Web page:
I meditate and write often. The two commingling makes an unstoppable force, like lightning striking an umbrella: when it hits, it’s really something. You better be sure you’re the one standing back and watching the show, else it could be pretty painful. You need to remove yourself from yourself to experience yourself. When I’m in the process of writing, I need to be removed from the process in order to not get in my way, in order to not be both the lightning and the umbrella and the one holding the umbrella and going uh oh… That’s why meditation is important; it takes away the perfectionism, but it also helps bring out the editor in me, when it is needed. I can also experience the world with such greater joy and empathy, a kind of writing flows through all things, and I get to take that in and produce surreal products of love (not to be cheesy, but yes, to be cheesy, indeed).
In fact, I wrote and edited an entire full-length manuscript out in Hotchkiss Park, walking in a circle, and engaged in a meditative state. It’ll be coming out soon, and it’s something very groovy.
What is your favorite word, and can you use it in a poetic sentence?
My all-time, favorite word is groovy, and unfortunately, I cannot use it in a poetic sentence. I’m not sure what a poetic sentence means, anyway. In fact, I don’t consider poems to have sentences. I prefer poems to be made of lines and maybe stanzas, too. I think of each line as a sentence, but there can also be sublines with indentations, and multiple-indentations, too.
I find that I have favorite terms I create instead, such as “Solar Sinai” or “forgetful darkness” or “hosannavino” (a frankenword of “hosanna” and “vino”). I come up with these terms in a poem and then I find myself using them in more poems, because I like them; and others seem to enjoy them, too.
What is your pet peeve?
My pet peeve, I’d have to say, is when people use m-dashes when they mean to use n-dashes, but don’t know the difference and just think it’s all hyphens anyway. There is a big difference. I don’t want to go into it, because I will write so much on it, but it’s important to realize that punctuation can have a role into how a poem is read or any piece of literature is read.
I believe that there should be a one-to-one correspondence between the visual presentation of a poem and its oral presentation. Perhaps, it’s just my mathematics background, but I strongly believe in this, and I write, accordingly. This is something that people don’t take into account as much, especially when writing free verse. Free verse is highly structured, and people ought to use punctuation more often in their poems; they also really ought to (and I try not to “shoulda,” “coulda,” “woulda” or “oughta”) read their poems with the line break that is in the physical poem. People don’t do this as often as they should, even among well-established poets.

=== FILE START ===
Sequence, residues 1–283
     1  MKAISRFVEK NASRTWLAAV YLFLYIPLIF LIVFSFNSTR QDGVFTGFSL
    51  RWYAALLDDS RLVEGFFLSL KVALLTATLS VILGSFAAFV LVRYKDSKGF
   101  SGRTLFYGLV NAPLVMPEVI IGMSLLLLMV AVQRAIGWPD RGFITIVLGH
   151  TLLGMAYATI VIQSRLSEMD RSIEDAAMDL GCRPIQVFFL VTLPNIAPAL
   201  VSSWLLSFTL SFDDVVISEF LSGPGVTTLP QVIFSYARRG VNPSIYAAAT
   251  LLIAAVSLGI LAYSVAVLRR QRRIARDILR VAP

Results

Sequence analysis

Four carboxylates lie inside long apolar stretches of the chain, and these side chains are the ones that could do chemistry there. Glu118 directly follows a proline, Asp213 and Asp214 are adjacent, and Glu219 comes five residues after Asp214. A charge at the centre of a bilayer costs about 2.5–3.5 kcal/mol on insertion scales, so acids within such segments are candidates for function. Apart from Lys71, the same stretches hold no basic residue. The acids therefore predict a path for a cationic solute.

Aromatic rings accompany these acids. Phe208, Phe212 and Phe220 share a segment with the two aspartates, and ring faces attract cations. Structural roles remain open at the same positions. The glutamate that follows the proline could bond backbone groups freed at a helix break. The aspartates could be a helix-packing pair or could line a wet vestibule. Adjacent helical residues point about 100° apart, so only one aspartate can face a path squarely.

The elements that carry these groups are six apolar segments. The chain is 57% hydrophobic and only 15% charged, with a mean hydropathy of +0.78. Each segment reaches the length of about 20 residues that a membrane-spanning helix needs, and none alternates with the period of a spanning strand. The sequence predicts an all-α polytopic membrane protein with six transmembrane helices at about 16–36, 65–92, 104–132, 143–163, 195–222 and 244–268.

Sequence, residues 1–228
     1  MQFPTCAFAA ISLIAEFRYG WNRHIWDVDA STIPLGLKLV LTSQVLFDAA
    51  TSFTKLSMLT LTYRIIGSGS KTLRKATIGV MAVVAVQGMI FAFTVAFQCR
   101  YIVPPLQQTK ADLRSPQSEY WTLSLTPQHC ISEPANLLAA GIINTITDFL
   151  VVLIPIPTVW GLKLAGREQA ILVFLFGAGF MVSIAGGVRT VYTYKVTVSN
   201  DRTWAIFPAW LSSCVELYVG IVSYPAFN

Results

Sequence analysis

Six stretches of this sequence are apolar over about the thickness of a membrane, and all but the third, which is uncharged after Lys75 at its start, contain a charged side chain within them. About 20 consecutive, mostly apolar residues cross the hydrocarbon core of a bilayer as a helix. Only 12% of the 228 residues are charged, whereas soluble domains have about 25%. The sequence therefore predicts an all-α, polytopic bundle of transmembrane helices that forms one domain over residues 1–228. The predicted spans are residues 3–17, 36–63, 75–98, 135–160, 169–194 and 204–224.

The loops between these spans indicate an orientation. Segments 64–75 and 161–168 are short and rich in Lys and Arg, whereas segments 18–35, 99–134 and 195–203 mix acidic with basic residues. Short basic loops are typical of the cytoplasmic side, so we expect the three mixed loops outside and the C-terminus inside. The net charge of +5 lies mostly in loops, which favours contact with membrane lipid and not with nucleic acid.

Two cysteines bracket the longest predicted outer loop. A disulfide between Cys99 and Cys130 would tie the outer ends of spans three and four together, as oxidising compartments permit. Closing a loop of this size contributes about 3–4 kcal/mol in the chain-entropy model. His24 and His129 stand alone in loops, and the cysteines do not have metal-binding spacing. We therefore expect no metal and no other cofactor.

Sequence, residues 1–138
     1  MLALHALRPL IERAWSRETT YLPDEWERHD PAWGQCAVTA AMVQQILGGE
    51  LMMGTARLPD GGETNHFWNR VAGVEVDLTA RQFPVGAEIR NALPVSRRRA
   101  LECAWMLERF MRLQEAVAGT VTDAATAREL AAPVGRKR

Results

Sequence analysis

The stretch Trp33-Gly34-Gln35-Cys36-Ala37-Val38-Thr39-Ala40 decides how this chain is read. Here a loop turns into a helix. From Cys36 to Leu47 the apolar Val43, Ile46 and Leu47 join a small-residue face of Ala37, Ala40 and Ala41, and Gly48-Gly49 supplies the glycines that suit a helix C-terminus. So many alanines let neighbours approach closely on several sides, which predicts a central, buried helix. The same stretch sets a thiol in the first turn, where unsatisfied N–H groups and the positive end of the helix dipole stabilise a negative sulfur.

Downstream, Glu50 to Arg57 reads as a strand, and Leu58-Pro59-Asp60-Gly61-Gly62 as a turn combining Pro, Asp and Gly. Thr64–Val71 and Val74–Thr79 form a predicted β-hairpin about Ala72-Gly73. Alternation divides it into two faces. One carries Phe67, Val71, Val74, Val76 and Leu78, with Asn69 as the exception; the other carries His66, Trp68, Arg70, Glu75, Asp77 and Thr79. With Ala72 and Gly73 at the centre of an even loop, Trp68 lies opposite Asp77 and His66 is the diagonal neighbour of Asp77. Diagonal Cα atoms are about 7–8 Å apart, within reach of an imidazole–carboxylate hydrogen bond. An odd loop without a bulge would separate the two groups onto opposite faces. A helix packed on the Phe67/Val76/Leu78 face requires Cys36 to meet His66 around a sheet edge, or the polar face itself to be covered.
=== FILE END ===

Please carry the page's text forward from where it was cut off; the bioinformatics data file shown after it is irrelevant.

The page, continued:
What defines Joshua Corwin?
What defines me… How long do you have? I’m just joshing around… The love of the written word, and the spoken word, too; a desire to strive to be who I am meant to be; a love for others; a mathematician; a meditator; a philosopher; an intellectual; someone who yearns to be of service and help others; a compassionate soul on a journey like everyone else; a truth-seeker; a teacher; someone with autism, ADHD, multiple processing delays, anxiety disorder; and someone who is working on being more aware of his suicidal ideation tendencies as well as depression; someone who believes in perseverance; someone who is learning what listening means, and will never arrive at the meaning, but is constantly growing toward that meaning, where it resides in the home within us and surrounding us all. Isn’t that nice? It came around full circle, like an ensō; we started with home and we ended home; I guess, we’re defined by our unique yet universal home.
Joshua Corwin, a Los Angeles native, is a neurodiverse, 2-time Pushcart Prize-nominated, Best of the Net-nominated poet and Winner of the 2021 Spillwords Press Award for Poetic Publication of the Year. His poetry collection Becoming Vulnerable (2020) details his experience with autism, addiction, sobriety and spirituality. A UCLA lecturer, published alongside Lawrence Ferlinghetti, Corwin has read with 2013 US Inaugural Poet Richard Blanco. He hosts the poetry podcast “Assiduous Dust,” writes for Oddball Magazine and teaches poetry to autistic addicts in recovery at The Miracle Project, an autism nonprofit. He is the editor of Assiduous Dust: Home of the OTSCP, Vol. 1 (April 5, 2021) featuring 36 award-winning poets, demonstrating one of his invented forms. He is working on an existentialist novel about an alcoholic lawyer plagued with suicidal ideation.